The Outlaw’s Head

Librarians and archivists help all sorts of people. On any given day, I might take questions from an attorney, a civil servant, a genealogist, or a land surveyor. Not long ago, the mother of a boy in the third grade phoned me in search of finishing touches for a report he was preparing for school.

Most of our conversation focused on dry and rather uninspiring facts about San Joaquin County. Then she asked me a question that took me off guard.

“Do you know of any truly bizarre events in San Joaquin County’s past?”

I started thumbing through my mental Rolodex. I don’t know why, but I stopped at “Murrieta, Joaquin.”

“Have you ever heard of Joaquin Murrieta?” I asked.

Silence.

“Joaquin Murrieta was a legendary outlaw in early California who met a violent end at hands of lawmen in 1853. Afterward, his head was cut off, pickled in a jar, and shown to curious onlookers in Stockton and elsewhere in California for a dollar a pop.”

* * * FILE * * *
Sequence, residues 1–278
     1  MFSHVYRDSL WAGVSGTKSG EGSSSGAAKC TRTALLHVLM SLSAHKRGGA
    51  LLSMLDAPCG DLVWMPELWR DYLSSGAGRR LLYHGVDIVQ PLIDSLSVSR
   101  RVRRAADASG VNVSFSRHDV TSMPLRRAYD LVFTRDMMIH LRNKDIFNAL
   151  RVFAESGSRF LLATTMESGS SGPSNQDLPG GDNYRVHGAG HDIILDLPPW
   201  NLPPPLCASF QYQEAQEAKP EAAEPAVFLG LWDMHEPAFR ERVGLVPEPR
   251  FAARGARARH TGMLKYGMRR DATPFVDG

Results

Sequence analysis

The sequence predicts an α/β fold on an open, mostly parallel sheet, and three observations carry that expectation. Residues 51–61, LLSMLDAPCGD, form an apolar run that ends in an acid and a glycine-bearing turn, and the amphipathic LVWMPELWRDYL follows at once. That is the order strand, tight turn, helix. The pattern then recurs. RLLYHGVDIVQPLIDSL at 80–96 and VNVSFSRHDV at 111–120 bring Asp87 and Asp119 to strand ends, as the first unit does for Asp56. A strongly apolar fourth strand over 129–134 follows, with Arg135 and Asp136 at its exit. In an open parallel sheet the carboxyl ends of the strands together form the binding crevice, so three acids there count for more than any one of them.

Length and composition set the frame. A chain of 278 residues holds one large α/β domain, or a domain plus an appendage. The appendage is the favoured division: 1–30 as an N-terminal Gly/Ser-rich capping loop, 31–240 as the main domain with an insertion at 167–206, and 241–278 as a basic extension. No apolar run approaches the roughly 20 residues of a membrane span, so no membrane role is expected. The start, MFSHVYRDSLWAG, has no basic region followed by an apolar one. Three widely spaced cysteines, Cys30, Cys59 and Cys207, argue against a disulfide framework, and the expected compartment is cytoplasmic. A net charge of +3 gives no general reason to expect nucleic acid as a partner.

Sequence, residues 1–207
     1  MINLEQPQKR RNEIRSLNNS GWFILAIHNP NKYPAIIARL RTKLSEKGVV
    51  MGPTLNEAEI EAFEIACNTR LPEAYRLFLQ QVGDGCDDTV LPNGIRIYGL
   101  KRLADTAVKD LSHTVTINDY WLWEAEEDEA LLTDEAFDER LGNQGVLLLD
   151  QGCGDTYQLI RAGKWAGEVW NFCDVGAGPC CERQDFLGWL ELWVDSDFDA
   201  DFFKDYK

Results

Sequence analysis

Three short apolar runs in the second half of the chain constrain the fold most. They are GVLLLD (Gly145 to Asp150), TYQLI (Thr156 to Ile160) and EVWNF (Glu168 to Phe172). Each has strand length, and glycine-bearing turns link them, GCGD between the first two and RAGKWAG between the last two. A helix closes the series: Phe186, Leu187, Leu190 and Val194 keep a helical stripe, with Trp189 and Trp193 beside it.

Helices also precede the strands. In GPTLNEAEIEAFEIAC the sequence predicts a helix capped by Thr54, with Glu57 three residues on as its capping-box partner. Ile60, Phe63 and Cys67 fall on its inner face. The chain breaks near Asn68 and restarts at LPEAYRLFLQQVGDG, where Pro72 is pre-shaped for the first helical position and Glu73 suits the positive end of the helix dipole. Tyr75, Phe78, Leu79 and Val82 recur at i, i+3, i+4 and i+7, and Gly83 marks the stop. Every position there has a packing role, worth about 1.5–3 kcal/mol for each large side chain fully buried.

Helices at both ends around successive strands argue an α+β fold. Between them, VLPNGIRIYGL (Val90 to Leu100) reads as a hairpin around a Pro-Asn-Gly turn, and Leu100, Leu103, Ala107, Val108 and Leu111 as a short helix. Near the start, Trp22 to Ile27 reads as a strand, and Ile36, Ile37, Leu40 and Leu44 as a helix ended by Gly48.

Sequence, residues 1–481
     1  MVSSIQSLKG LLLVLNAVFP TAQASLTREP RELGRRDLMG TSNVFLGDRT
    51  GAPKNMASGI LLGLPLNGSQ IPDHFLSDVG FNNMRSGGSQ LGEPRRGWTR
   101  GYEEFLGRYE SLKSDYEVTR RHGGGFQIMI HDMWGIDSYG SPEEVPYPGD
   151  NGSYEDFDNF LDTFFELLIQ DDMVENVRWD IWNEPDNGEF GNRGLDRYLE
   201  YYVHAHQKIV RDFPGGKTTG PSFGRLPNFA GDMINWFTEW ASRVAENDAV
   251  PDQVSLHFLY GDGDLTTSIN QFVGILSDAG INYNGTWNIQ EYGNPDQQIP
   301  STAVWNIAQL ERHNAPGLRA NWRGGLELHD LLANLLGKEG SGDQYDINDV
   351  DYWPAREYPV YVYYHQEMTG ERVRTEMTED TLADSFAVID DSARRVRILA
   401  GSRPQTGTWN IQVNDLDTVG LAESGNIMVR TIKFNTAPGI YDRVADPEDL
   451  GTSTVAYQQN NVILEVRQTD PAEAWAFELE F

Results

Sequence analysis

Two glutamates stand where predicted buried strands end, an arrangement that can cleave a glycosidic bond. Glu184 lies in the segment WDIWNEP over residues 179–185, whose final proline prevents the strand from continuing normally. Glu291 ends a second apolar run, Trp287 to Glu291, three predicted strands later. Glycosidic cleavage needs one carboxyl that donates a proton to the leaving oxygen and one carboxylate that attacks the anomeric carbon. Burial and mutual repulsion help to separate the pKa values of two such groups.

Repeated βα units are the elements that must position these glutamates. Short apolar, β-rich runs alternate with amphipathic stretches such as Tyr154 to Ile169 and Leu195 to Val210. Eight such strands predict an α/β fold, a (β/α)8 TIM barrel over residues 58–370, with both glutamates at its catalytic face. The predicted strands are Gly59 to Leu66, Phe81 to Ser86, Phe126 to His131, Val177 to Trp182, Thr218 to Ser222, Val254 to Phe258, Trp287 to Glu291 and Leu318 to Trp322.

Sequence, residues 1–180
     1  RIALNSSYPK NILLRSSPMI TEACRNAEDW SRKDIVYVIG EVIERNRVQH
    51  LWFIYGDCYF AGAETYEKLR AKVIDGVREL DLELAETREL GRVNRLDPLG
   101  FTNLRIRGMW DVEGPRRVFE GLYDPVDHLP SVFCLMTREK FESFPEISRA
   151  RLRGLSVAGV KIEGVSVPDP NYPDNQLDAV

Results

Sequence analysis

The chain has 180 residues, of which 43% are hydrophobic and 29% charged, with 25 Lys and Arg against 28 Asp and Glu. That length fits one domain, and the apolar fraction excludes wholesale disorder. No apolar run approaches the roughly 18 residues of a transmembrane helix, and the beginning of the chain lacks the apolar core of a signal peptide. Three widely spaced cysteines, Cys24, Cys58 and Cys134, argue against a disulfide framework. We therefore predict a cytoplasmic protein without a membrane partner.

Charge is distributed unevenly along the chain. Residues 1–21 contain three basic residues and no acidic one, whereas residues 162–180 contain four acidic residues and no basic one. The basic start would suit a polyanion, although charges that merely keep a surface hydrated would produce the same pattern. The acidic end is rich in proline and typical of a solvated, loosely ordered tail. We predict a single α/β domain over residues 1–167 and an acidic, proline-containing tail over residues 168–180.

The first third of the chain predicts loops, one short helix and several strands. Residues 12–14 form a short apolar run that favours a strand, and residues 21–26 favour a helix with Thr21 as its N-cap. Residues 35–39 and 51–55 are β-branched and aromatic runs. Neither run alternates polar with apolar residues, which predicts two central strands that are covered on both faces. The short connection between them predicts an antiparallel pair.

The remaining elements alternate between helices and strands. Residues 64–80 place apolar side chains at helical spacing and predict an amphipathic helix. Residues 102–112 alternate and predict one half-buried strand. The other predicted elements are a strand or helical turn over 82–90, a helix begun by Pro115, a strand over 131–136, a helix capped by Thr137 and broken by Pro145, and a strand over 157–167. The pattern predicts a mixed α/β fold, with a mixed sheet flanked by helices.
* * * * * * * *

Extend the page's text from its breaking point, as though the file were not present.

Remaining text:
“Really?” I obviously had her attention; I could hear her scribbling away. “I suggest you search the Internet or look in any history of San Joaquin County for details.”

I know from experience that this is kind of stuff fascinates third-grade boys. She thanked me; I wished her and her son well; and we hung up.

Weeks have passed since that exchange. In my imagination, I see a third-grade boy standing in front of his class. Mumbling in a monotone, he launches into a report that touches all of the boring points his teacher wants covered. Then his eyes light up, his voice quickens with emotion, and he ends with the story of Joaquin Murrieta and the pickled head.

“How gross!” say the little girls. They wrinkle their noses in disgust.

The little boys high five each other. “Cool!” they shout.

The class might as well end right then. I’m willing to bet that for the rest of the day the girls are grossed out and the boys soar with flights of imagination filled with bandits, lawmen, and pickled heads.

In fact, I’m almost willing to wager that twenty years later neither the boys nor the girls will remember much of anything from their entire third-grade year other than the bandit and that pickled head. Quite by accident, they’ve been turned into history buffs.

Okay, I’ll admit that this scene in the third grade may never have actually happened. But that can’t stop me from marveling sometimes at how many ways there are to advance historical literacy.

By the way, does anyone know for certain whatever happened to that jar?

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